Sure. I guarantee that you can recover all your files safely and easily.
If you want to decrypt all of your files, you need to pay.
Hurry up! You only have 1 day(24 hours) of payment. After the deadline the price will be doubled.
If you do NOT pay in 3 days, you lose the chance to recover your files FOREVER.

How Do I Pay?

Payment is accepted in Bitcoin only.
The price of your valuable data will be determined as a result of the negotiation between you and me.
After negotiation, please buy that amount of bitcoin, and send it to my address below.
Please buy that amount of bitcoin, and send it to my address below.
For more informations, please google "How to buy bitcoin".
My bitcoin wallet address is

bc1g3tdfkfjngzdlup7)450x3tkfs2mx90a85en9274

WARNING: Please check my bitcoin address carefully, even if you type one incorrect character, I can not receive your payment. After you send the bitcoin to my caress, you must send email with your bitcoin wallet address and your ransom id.

Your ransom ID is
-
And my email addresses are below.

keeperedit015@protonMail.com
honestman0023@protonmail.com

WARNING: If all of my email addresses are blocked by cyber security teams, you will never be able to contact with me forever.

Screenshot of the Hansoms' desktop wallpaper:

crat malware hansom ransomware desktop wallpaper

Text in this wallpaper:

>> Oh, No! <<

All of your valuable data have been encrypted by HANSOM ransomware.
Please read HANSOM_README.txt on your desktop carefully. NEVER delete or modify Hansom Decrypt.exe on your desktop until you recover all of your data.

Instant automatic malware removal: Manual threat removal might be a lengthy and complicated process that requires advanced computer skills. Malwarebytes is a professional automatic malware removal tool that is recommended to get rid of malware. Download it by clicking the button below:
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How to remove malware manually?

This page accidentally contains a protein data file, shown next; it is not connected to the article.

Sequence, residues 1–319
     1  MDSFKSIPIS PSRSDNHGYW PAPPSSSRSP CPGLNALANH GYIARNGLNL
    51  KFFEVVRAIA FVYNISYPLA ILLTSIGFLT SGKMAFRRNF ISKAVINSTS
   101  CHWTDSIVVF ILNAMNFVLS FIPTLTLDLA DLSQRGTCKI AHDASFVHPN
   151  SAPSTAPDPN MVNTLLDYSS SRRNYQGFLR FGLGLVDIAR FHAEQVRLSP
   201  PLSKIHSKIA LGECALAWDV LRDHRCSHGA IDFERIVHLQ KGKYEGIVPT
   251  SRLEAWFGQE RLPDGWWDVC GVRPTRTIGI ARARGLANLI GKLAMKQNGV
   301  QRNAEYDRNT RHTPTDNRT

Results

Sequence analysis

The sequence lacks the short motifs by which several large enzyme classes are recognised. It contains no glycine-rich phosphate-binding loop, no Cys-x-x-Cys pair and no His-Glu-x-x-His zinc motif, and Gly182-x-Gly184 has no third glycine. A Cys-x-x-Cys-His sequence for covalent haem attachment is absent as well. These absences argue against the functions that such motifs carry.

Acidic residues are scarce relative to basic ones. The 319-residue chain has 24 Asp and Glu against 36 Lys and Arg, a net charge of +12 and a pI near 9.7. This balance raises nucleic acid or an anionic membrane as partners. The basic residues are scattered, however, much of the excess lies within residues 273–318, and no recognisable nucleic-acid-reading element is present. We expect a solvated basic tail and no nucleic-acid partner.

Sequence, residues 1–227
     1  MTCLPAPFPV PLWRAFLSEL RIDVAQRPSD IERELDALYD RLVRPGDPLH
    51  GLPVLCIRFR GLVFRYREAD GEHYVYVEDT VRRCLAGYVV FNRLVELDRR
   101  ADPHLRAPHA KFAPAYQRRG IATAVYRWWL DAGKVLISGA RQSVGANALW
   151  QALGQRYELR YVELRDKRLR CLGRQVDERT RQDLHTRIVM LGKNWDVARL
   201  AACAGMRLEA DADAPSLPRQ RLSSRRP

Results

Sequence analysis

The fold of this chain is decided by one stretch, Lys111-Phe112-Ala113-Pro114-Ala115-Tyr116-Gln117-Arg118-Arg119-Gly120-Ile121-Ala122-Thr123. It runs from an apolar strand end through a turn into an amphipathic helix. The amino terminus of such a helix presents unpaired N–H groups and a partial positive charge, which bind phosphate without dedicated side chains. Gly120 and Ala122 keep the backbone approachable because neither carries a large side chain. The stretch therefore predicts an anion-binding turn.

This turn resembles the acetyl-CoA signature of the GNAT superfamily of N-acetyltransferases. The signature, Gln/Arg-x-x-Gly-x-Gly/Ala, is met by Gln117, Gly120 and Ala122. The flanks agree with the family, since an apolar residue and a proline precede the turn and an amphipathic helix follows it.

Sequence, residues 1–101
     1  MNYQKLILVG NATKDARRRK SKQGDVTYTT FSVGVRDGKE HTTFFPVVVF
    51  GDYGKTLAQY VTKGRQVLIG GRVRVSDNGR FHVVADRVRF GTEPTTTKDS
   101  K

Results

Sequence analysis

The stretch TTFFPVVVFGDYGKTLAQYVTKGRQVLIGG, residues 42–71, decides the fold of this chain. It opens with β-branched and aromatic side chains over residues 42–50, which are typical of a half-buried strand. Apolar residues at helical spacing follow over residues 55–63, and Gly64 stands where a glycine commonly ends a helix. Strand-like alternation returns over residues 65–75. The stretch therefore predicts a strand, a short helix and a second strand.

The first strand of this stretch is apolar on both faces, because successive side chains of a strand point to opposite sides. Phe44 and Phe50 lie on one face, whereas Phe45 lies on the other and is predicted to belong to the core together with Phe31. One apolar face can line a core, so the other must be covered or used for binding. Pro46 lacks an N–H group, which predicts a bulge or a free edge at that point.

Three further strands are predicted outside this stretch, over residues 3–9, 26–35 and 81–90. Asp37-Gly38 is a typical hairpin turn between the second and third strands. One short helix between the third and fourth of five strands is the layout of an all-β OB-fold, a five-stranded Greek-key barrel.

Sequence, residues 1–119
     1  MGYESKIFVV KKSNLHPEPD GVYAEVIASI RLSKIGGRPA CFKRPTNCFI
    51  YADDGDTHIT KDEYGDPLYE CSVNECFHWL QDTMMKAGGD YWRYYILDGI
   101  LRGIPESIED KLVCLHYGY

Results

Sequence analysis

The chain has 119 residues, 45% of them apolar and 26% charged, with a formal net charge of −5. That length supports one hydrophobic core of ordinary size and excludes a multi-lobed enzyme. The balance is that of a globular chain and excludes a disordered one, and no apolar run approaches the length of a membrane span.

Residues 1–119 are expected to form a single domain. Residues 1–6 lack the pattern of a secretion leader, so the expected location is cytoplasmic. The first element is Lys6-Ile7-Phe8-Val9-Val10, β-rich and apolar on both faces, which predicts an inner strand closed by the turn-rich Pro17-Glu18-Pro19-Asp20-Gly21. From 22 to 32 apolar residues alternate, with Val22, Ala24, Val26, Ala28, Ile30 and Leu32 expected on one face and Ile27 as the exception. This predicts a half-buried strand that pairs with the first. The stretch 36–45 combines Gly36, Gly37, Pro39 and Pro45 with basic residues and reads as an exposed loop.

Manual malware removal is a complicated task - usually it is best to allow antivirus or anti-malware programs to do this automatically. To remove this malware we recommend using Malwarebytes for Windows. If you wish to remove malware manually, the first step is to identify the name of the malware that you are trying to remove. Here is an example of a suspicious program running on a user's computer:

malicious process running on user's computer sample

If you checked the list of programs running on your computer, for example, using task manager, and identified a program that looks suspicious, you should continue with these steps:

manual malware removal step 1Download a program called Autoruns. This program shows auto-start applications, Registry, and file system locations:

screenshot of autoruns application

manual malware removal step 2Restart your computer into Safe Mode:

Windows XP and Windows 7 users: Start your computer in Safe Mode. Click Start, click Shut Down, click Restart, click OK. During your computer start process, press the F8 key on your keyboard multiple times until you see the Windows Advanced Option menu, and then select Safe Mode with Networking from the list.

Safe Mode with Networking

Video showing how to start Windows 7 in "Safe Mode with Networking":

Windows 8 users: Start Windows 8 is Safe Mode with Networking - Go to Windows 8 Start Screen, type Advanced, in the search results select Settings. Click Advanced startup options, in the opened "General PC Settings" window, select Advanced startup. Click the "Restart now" button. Your computer will now restart into the "Advanced Startup options menu". Click the "Troubleshoot" button, and then click the "Advanced options" button. In the advanced option screen, click "Startup settings". Click the "Restart" button. Your PC will restart into the Startup Settings screen. Press F5 to boot in Safe Mode with Networking.